Dyslexic students need to be guided when they are reading maps, graphs, charts, and tables. First, it is important to orient the student to what information is contained in each graphic. Next the student needs to interpret a piece of the information on the visual. For example, an interpretation might be what the title of the visual means.
Maps can be daunting to a dyslexic. Have the dyslexic student take a map apart and look at one piece at a time and then put the whole of the map together. Make sure the comprehension of each piece is clear before putting the whole back together.
Charts can be confusing to many dyslexic readers. Make sure the title is understood to know what information will be gained when reading it. Again, take the chart apart and make sure the pieces are understood. Reading tables is also in the category with charts.
Graphs are probably the most difficult for dyslexics because it is necessary to understand how two pieces come together to give an answer. It will help if the dyslexic traces the information with two fingertips to understand it.
Need a Dyslexic Evaluation? Want to know if your child has dyslexia? Dyslexic Evaluations are available done remotely. For immediate help contact Beth Silver at 310-720-0390 or email@example.com.
Dyslexic students have great difficulty with spelling. This stems from the fact that most dyslexic students do not hear the correct sounds in the spelling of a word. Most of the time, they mispronounce a word which complicates hearing the correct spelling.
One good approach is to give the correct spelling to dyslexic students. When these students are writing and they are not sure how to spell a word, the correct spelling should be given to them. They should learn to correct misspelled words with help. The help needs to be that they should have the correct spelling in front of them.
When a dyslexic student “learns” in his/her own brain how to spell a word incorrectly, that is what remains in memory – the incorrect spelling. Getting a student to remove an incorrect spelling, and put the correct spelling into memory takes time and is difficult.
Dyslexic Evaluations are available immediately and are done remotely. Contact Beth Silver to find out if your student has dyslexia. Contact Beth at 310-720-0390 or firstname.lastname@example.org.
Dyslexia makes math work more difficult. It is important for dyslexic students to follow a secure process in solving math problems, equations, and word problems. Using 1/4 inch graph paper for math work is strongly recommended for dyslexic students.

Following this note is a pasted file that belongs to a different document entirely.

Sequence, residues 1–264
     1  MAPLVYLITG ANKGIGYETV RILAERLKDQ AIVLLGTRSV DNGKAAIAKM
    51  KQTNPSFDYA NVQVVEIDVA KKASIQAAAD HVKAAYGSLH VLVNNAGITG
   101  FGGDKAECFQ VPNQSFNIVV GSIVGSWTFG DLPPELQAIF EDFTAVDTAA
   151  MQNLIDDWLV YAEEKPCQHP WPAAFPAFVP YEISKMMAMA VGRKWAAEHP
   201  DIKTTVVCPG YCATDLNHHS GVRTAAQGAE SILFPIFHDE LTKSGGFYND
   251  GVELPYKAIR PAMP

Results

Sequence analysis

What is the process to use for solving math work with dyslexics? First- the vision of the problem must be clearly written in a way that it is easy to see and grasp the numbers and/or letters. This is done best on graph paper. Next the sequence- or steps to solve should be clearly shown on graph paper. For some dyslexics, it is helpful if they trace the problem with a fingertip- that means all the steps.
The next step is to try a problem just like the sample one that was done – using the same steps. Then the student should check the work with an answer key or with a calculator.
A Dyslexia Evaluation for a dyslexia diagnosis is now available done remotely. Get an immediate response. Contact Beth Silver for more information or to sign up for this evaluation. Beth can be reached at 310-720-0390 or email@example.com.
Dyslexic students become independent, high academic achievers at Ed Sage School. The Brain Based Learning program at the school helps incorporate the needs of dyslexic students in a regular classroom setting to make them successful.
Most dyslexic students are quick, bright and learn in many ways. They are quick to learn using methods that supplement their reading and writing. In most regular classroom settings, however, they feel stupid because of their dyslexic issues. It is time for them to feel good about who they are, and what they have to offer. Feeling good and smart happens in the Ed Sage School for all students.
At Ed Sage School dyslexics use text to speech programs for reading comprehension of required reading material and proofreading of their writing. An app called Dictionary.com is used for pronunciation and meaning of words.
Ed Sage School is currently accepting applications for the 2022-2023 school year for grades 5-8. Contact Beth Silver, Head of School, to apply and information. Phone is 310-720-0390. Email is firstname.lastname@example.org. School website: edsageschool.com